Always be cautious of unsolicited emails (spam) from unknown senders who request your personal information. Email is not a secure form of communication and should never include any of your confidential information.
- Never provide any personal information, including you Social Security number, account numbers or passwords in response to an unsolicited internet request or phone call.
- Do not open any emails, download any files, nor click on any links from senders you do not recognize.
- Never access a website from a link provided in an email.
- Never reply to an email that asks for personal information or is marked "urgent" or "time sensitive".
- Change your password every 60 days.
- Do not use the same user name and password for multiple accounts.
- Review your account statements regularly and watch for any unusual activity.
- Keep your computer updated with the latest version of anti-virus software.
- Increase the security setting on your browser to prompt you whenever a web site attempts to install a new program.
- Avoid downloading software from unknown sources.
- Maintain all patches, or upgrades, to your operating system and browsers.
- Turn on “pop-up blockers” within your browsers.
- If possible, add a “firewall” to your computer or system.
- Be aware that fraudulent emails are often badly written and include misspellings and poor grammar.
- Do not fall victim to online auction, paying agent, lottery, secret shopper or similar scams. Be cautious if you receive a check or deposit accompanied by an instruction to transfer a portion of the money to someone else.
- Be cautious of any intimidating emails or callers who suggests dire consequences if you do not immediately provide or verify your personal financial information.
- Shred all documents that contain your Social Security number or bank account number.
- Use a U.S. Postal Service drop box rather than your curbside mailbox when mailing bill payments or other personal information.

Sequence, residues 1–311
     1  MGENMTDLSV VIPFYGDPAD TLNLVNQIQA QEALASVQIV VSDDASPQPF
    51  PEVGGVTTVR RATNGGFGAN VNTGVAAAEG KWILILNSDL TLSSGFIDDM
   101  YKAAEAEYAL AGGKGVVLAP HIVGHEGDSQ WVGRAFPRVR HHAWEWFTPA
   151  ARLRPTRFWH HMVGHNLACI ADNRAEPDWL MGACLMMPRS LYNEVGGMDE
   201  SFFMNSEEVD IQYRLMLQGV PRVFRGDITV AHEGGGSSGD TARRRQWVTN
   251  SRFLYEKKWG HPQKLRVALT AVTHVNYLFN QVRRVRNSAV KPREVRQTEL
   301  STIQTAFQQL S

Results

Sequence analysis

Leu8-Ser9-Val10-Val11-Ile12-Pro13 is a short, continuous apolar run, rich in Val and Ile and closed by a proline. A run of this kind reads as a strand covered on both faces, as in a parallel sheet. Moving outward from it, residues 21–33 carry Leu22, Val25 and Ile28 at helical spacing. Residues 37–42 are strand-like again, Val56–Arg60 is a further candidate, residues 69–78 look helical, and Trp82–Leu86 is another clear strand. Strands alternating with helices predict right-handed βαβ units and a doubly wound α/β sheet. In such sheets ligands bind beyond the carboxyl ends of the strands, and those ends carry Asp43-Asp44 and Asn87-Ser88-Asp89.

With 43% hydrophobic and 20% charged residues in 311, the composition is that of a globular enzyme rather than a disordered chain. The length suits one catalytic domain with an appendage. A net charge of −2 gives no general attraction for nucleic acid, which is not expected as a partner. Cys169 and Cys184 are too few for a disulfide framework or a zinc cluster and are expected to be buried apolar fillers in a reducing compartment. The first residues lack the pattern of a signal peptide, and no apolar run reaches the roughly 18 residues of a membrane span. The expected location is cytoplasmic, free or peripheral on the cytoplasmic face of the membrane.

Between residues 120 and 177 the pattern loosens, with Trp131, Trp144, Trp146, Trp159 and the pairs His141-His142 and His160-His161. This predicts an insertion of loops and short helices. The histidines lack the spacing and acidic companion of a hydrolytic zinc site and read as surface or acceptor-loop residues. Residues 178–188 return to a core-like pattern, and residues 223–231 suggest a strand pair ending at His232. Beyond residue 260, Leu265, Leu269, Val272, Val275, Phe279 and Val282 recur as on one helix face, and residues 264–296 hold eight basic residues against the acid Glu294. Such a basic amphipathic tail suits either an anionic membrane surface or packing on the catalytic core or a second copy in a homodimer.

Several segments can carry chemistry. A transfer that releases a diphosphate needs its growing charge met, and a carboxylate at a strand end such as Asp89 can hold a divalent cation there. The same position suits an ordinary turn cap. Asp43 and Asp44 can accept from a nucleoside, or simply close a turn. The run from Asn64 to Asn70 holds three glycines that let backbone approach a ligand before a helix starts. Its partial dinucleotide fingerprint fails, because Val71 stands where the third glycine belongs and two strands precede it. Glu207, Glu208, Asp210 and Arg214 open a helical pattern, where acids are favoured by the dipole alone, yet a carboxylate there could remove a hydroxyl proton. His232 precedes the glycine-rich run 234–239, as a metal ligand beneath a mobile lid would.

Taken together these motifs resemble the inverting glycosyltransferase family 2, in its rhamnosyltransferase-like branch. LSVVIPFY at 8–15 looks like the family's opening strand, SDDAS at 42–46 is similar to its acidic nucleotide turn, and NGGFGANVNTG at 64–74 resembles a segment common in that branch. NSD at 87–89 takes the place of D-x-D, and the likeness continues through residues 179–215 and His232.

- Contact your creditors if you are not receiving your billing statements in a timely fashion.
- Obtain your credit report annually from each of the three major credit bureaus.
All too often, elderly citizens are targets of financial abuse. One common scam is known as the “grandparent scam,” which targets older Americans using scare tactics, with the scammer calling at odd hours and claiming to be the victim’s grandchild (or other relative), frantically seeking money to assist with an emergency. Elderly citizens are also frequently victims of lottery scams. Over 400,000 impersonation scams were reported to the Federal Trade Commission in 2016.
To help North Easton Savings Bank recognize elder financial protection, ABA (the American Bankers Association®) has created tip sheets to help identify scams that target the elderly. Here are some important tips and resources from the ABA:
Don’t be afraid to ask questions if someone calls you requesting money
Verify the requester before you wire money or issue a check
Report any suspected fraud to your bank immediately
Don’t Fall Victim to the Grandparent Scam
5 Ways to Spot a Lottery Scam
ABA also provides useful tips for loved ones of the elderly and financial professionals to spot elder abuse with their 14 Flags for Elder Financial Abuse.